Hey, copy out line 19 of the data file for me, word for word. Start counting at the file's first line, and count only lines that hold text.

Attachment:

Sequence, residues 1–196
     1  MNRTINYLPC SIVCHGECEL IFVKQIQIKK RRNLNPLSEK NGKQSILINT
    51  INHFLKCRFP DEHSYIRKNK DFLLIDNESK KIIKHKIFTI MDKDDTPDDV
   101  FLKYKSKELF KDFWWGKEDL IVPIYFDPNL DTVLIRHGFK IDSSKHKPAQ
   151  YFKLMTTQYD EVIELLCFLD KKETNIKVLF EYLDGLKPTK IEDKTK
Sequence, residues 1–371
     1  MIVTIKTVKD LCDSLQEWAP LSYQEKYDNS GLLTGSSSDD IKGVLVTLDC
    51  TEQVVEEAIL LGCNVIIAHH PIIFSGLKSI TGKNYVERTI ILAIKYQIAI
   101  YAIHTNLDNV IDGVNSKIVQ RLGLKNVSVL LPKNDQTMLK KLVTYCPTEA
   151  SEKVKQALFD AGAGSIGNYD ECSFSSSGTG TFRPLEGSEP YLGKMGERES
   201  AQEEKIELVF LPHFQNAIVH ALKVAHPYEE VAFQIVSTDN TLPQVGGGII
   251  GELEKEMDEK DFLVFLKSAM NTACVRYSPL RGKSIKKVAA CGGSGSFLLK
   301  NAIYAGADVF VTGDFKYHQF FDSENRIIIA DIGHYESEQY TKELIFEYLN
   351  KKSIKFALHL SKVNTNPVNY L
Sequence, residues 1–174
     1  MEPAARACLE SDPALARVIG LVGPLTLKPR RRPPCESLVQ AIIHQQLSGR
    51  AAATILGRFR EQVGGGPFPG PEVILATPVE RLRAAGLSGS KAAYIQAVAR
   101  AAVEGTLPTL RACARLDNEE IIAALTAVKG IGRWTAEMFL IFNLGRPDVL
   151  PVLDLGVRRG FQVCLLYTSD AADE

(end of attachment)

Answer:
   151  PVLDLGVRRG FQVCLLYTSD AADE